Local Face: Debbie Hekkink

  |  Published: Dec 1st 2014

Debbie Hekkink came to live in Wendover 10 years ago when her husband’s job moved to Hemel Hempstead and they didn’t want him to have a long commute. They moved down from the Midlands where most of Debbie’s family live, but Jurgen had left his family behind in the Netherlands.
Jurgen and Debbie met whilst back-packing in Australia. They got engaged and then married on their return. They first lived in Berlin for 4 years where Debbie was able to teach in a British military primary school and then at the Berlin British School when the military moved out. During their 3 years in the Netherlands, she also taught part-time in 2 international schools, in Rotterdam and The Hague.
They moved to the UK in April 2000 because it was difficult living in the Netherlands for Debbie with small children and no supportive network. They also didn’t want the children to start school in the Netherlands and then have to move to a different system in the UK. They had both grown up in small towns and wanted that environment for their own children. Jurgen was able to transfer to the UK with the company he was working for. Debbie and Jurgen fell in love with Wendover when they first visited. It’s such a pretty village tucked into the Chiltern hillside. They hoped to be moving into a welcoming community for the sake of their children, too - and so it proved
Their first home was on Halton Camp so their children attended Halton Community Combined School. They witnessed first-hand its transformation from a school in special measures to an outstanding school under the leadership of Su Scrimshaw. Their children thrived there and loved the fact that they knew everyone because it was so small. 
Wendover and Halton have provided them with what they needed as a family e.g. good schools, church, community, pubs and eating places, local shops and post-office. They are happy to drive out to larger shops and recreational activities.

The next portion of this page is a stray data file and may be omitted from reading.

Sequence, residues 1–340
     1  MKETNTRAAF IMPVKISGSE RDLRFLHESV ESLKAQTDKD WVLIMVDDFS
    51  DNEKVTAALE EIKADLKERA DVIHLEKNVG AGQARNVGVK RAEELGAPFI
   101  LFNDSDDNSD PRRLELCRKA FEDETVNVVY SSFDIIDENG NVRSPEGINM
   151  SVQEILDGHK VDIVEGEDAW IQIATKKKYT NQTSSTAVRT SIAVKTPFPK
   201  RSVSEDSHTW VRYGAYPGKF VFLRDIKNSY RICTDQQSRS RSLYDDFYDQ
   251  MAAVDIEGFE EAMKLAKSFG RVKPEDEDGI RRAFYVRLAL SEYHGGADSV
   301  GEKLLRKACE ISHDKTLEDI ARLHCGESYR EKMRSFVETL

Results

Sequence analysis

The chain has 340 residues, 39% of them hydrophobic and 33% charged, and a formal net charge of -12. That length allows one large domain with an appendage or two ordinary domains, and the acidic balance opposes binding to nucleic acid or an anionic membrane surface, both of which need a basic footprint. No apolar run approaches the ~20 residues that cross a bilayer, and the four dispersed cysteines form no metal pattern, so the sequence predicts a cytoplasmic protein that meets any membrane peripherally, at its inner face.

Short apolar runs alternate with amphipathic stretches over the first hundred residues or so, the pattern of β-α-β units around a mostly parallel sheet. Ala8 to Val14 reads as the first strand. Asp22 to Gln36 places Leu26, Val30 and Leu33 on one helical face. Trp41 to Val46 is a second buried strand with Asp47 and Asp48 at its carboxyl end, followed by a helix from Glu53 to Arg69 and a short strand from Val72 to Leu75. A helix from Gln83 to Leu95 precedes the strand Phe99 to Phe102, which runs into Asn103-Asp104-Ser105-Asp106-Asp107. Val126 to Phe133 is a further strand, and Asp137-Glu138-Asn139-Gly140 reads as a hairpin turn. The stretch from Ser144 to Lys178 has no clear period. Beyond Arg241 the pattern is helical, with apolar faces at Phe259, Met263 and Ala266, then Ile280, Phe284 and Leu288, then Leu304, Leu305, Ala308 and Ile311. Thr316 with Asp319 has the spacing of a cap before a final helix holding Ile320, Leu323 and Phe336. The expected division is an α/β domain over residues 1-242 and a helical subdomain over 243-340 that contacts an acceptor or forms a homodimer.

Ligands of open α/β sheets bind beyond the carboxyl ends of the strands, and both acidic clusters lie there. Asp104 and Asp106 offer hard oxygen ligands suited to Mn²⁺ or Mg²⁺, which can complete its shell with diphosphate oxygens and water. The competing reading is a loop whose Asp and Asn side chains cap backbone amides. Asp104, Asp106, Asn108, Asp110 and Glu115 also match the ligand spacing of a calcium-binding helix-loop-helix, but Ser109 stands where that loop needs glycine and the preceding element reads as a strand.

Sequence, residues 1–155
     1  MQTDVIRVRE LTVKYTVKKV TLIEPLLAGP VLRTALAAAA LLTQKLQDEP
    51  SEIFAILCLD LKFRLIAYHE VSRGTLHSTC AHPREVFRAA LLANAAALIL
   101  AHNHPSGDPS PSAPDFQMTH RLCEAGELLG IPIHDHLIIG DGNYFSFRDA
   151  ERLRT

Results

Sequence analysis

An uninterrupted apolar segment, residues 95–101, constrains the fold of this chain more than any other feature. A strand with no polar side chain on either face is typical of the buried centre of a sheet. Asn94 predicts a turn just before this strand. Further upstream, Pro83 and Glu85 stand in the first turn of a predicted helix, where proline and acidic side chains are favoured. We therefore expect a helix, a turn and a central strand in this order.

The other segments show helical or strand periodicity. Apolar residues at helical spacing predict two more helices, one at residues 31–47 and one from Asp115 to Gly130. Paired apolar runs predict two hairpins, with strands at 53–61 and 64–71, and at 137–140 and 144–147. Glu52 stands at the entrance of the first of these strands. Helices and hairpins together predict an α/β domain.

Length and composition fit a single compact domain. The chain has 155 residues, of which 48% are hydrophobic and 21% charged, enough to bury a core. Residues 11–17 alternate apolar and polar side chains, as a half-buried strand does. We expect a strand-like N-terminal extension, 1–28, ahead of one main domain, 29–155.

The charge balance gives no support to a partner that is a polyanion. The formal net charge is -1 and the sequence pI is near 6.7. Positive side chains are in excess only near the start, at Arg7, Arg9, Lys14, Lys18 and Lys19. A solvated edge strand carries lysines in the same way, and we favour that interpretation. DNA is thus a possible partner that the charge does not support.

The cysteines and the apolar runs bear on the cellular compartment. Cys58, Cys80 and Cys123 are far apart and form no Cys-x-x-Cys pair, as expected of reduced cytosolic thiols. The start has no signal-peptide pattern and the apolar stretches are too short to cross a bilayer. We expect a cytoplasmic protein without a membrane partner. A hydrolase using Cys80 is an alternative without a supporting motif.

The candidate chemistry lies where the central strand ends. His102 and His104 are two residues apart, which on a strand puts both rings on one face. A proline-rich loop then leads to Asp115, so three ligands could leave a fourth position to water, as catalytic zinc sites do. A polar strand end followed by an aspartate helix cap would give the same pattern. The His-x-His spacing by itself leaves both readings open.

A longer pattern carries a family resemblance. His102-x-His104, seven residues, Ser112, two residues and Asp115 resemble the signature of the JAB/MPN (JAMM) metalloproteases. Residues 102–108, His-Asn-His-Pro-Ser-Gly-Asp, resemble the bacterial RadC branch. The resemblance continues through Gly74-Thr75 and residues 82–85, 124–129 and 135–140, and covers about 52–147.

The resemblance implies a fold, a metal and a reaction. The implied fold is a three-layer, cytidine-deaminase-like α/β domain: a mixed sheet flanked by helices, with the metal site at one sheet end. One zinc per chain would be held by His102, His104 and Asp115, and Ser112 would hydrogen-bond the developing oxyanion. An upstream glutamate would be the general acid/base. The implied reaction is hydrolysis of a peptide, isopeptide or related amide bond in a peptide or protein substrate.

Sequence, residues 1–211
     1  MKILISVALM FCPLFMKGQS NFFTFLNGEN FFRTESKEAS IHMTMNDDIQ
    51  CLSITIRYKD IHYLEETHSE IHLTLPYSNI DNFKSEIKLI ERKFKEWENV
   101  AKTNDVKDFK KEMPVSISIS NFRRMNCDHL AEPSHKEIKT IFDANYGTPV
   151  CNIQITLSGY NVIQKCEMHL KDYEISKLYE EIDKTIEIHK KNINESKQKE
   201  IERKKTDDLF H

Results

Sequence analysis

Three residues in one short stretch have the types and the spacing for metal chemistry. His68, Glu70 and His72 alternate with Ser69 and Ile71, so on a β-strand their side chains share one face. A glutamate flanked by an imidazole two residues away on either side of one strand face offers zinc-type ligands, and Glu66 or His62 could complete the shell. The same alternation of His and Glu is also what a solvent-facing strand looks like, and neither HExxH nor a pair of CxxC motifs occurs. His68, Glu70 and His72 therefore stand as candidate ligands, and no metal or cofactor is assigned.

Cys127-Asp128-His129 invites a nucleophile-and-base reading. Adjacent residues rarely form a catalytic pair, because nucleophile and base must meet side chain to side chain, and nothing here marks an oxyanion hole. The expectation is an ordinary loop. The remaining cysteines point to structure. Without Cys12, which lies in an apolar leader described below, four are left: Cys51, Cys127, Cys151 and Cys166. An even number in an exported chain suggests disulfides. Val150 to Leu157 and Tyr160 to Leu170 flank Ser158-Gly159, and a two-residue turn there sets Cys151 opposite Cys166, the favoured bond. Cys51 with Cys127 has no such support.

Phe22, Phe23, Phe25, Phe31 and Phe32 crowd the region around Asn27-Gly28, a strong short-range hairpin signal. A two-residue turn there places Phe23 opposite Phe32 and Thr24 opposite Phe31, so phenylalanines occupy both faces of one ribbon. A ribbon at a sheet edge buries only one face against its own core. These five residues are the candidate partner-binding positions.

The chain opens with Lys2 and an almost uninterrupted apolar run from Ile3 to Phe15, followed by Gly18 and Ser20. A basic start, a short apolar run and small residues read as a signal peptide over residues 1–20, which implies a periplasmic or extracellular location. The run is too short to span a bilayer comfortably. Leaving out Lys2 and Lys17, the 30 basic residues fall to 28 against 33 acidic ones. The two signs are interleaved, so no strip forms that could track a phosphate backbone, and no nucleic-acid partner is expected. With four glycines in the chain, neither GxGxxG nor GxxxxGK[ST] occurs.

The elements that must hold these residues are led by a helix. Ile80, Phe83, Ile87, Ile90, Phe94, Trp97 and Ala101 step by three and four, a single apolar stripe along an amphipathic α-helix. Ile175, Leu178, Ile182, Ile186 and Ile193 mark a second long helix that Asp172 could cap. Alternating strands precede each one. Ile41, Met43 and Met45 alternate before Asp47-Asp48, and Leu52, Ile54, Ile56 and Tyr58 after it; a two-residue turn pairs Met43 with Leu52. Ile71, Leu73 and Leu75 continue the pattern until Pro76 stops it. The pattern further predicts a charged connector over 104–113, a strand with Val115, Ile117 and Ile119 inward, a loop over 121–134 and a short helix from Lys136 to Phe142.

It took a while to feel settled. They started to feel more a part of the community when they got more involved with life at St Mary’s Church and in the community.  Both Debbie and Jurgen helped out with Junior Church and the Youth group. Debbie also volunteered in @stmary’s Fairtrade shop and worked for a while in the church office while the children were in primary school. Debbie still volunteers for a monthly slot in the shop on a Saturday, which she thoroughly enjoys. 
Jurgen was also a governor at Halton School and Debbie supported the PTA. Once all three children were in Secondary School and Debbie had more time on her hands she wanted to do something more with her life. She saw an advert asking for volunteers in the local Children Centre run by Barnardos. She volunteered there for 18 months which then led to being offered a job. She now works 3 days a week in a Barnardos Children’s Centre in High Wycombe. 
Debbie thinks that it took a good 4 years to feel settled and probably another 3 to feel embedded in Wendover, including moving to Grenville Avenue in 2009 into a house that was big enough for their growing family and a dog too. She has discovered in her moves around the world that you have to make the effort to get involved and then be patient while you and your new community get to know each other, before you feel you are at home in a place. 
Wendover Community was very supportive when Debbie first discovered a course at Ripon College, Cuddesdon. She completed a certificate in exploring Theology and Ministry, which gave her the opportunity to study more about the Christian Faith. She was kindly given a grant for books by the Lionel Abel-Smith Trust Fund. St Mary’s church also supported her with some of the cost of the three year part-time course.
This course has equipped her for her latest adventure: she has recently started as a volunteer lay chaplain in Wendover Junior School. This year she will be running a lunch-time club on a Monday, in which she aims to offer children a time to chill, chat and create. She provides games, books, a craft activity and the opportunity to talk.
She is also supporting Becky Murgatroyd, Wendover’s youth worker in running a self-esteem course at the John Colet School. Debbie can relate to not having much self-esteem while at school and is excited about the opportunity to support young people in this way.
Debbie and Jurgen have made a lot of really good friends in Wendover, and have found it to be a great place for raising their family.

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